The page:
Ultra-durable rotary micromotors assembled from nanoentities by electric fields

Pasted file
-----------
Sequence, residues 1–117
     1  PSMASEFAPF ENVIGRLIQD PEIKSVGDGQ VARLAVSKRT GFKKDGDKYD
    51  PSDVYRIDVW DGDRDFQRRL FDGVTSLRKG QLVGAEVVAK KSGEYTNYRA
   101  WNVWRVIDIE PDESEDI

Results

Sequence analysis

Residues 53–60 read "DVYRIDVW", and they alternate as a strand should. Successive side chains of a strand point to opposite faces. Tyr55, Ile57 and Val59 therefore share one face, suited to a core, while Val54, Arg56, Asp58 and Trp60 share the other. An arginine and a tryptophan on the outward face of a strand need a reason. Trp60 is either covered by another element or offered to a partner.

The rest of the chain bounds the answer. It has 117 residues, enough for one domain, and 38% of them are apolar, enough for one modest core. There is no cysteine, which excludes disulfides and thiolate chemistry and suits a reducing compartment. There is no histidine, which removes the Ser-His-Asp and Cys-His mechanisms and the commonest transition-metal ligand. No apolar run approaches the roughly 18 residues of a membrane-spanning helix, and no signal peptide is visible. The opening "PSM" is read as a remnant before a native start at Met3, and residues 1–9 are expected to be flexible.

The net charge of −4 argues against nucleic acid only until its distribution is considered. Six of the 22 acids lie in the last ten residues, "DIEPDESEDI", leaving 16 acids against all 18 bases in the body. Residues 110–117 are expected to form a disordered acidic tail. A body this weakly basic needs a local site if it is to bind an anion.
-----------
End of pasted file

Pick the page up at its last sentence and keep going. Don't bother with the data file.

Recently, we reported an innovative type of micromotors consisting of nanowires as rotors and patterned Au/Ni/Cr nanodisks as bearings. The dimensions of micromotors were less than 1 μm, and could continuously rotate for 15 hours over 240 000 cycles. To understand the limitation of their lifetime, we systematically investigated the rotation dynamics by analytical modeling and determined the time-dependent torques and forces involved in the rotation. From the forces and torques, the extent of wear of micromotors was successfully derived, which agreed well with the experimental characterization. The results also proved that the frictional force linearly increases with the loading in such rotary nanodevices operating in suspension, consistent with the prediction of the non-adhesive multi-asperity friction theory. With these understandings, we enhanced the design of micromotors and achieved an operation lifetime of 80 hours and over 1.1 million total rotation cycles. This research, shedding new light on the frictional mechanism of recently reported nanowire micromotors with demonstration of the most durable rotary nanomechanical devices of similar dimensions to the best of our knowledge, can be inspiring for innovative design of future nanomechanical devices with ultra-long lifetime for practical applications.